For many years, I looked down on the various 6.5 mm cartridges since when you look at them in loading manuals, their ballistics seemed pretty puny beside the .270 Win, 7mm Magnum and even the 25-06. I couldn't imagine why anyone would own one. Recently I started shopping in ernest for a companion rifle to my .270WSM (Hey, I wasn't after a magnum, but had always been intrigued by the idea of a .270 bullet in a short action. And I figured if I could get an extra 300 fps over a .270 Redding with the 130 gr bullet in a factory rifle that cost about half of what a custom .270 Redding would have cost to build...) But I digress, anyway, the other rifle was intended for my younger sons aged 12 and 15 who had recently successfully completed their hunter education course and could now be licensed to hunt in the state of Washington. I needed a rifle that would be mild recoiling, yet still effective on deer sized game, and maybe even up to cow elk, should the opportunity present itself. After much hemming and hawing, and even borrowing a muzzle braked .270 win Savage Weather Warrior, a 7mm-08 Model 70 lightweight carbine, and my own .270wsm loaded with 100 gr Hornady bullets and the Hodgdon "Youth Load" charge of H-4895 and having my 15 year old test them together at the range, I came to the conclusion that none of them were really ideal for what I had in mind. I had already eliminated the 6 mm, since I wanted a heavier bullet option, so I was sort of left with the 25-06 or the 6.5x55 Swede. (Nobody seems to chamber the 257 Roberts, and my budget wouldn't allow a .257 AI to be built) But the 25-06 seemed a little too close to the 6mm in diameter, and the '06 case looked like it would hold a bit more powder than I felt should be needed for my boys, and the old Swede had lots of fervent admirers that didn't ever talk about paper ballistics, they just went on and on about how effective it was on game, even bigger game than should probably be tackled with it. I swallowed hard and had my dealer buddy order me up a Howa 1500 Lightning in 6.5x55.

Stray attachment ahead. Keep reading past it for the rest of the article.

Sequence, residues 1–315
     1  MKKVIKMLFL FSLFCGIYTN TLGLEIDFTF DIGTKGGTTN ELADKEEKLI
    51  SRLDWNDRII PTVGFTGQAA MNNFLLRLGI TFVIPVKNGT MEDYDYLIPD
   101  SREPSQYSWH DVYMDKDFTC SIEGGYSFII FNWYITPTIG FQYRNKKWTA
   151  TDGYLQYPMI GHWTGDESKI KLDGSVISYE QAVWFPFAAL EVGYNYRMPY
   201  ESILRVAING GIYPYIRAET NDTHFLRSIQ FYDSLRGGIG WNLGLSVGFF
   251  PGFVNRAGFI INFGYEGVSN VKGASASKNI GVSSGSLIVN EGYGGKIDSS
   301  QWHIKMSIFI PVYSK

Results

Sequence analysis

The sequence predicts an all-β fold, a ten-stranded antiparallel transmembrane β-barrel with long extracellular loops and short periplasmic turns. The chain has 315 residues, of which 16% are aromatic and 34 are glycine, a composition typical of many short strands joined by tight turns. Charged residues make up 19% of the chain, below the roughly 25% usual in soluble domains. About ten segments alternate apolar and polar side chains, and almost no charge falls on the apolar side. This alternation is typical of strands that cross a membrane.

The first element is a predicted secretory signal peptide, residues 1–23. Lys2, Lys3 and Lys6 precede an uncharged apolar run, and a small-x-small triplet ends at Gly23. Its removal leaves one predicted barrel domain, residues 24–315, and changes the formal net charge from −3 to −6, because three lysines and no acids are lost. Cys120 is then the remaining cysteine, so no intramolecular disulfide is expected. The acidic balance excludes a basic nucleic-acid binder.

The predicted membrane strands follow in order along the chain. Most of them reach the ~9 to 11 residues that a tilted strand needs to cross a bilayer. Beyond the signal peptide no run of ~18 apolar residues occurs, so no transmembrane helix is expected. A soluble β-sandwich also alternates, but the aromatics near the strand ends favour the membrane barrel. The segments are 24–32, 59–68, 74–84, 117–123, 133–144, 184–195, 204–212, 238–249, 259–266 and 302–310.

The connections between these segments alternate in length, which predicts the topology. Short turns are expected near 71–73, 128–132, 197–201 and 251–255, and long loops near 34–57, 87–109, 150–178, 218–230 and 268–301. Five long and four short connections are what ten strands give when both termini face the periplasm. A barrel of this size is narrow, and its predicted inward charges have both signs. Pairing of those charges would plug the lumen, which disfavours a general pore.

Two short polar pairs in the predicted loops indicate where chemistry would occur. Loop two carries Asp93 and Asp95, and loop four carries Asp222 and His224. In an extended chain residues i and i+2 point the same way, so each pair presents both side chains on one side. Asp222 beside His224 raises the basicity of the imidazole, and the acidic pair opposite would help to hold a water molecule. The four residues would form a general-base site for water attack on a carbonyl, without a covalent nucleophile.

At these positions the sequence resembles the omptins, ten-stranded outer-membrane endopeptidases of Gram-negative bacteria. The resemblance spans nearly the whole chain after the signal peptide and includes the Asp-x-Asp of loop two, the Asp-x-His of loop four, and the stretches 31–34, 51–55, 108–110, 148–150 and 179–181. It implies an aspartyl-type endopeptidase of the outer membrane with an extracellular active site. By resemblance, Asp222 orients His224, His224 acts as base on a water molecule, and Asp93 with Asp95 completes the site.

Unfortunately, the story doesn't have a happy ending, at least not yet. The new Howa is perfect from a cartgridge standpoint. Minimal recoil with 120 gr handloads and the 140 gr factory loads seem equally mild. The rifle feels great shooting offhand, and is very reliable loading, chambering, firing, and extracting. The problem is just that it doesn't shoot very well. I am going to try glass bedding the action this weekend to try to fix it, but since I have never tried one before, I don't know how it will work out. My shooting buddies are all convinced that all it needs is a bedding job. Sure hope they are right, because if I could get this thing to shoot consistent 1.5 inch 3 shot groups at 100 yards off a benchrest, I would be one happy camper. Wish me luck.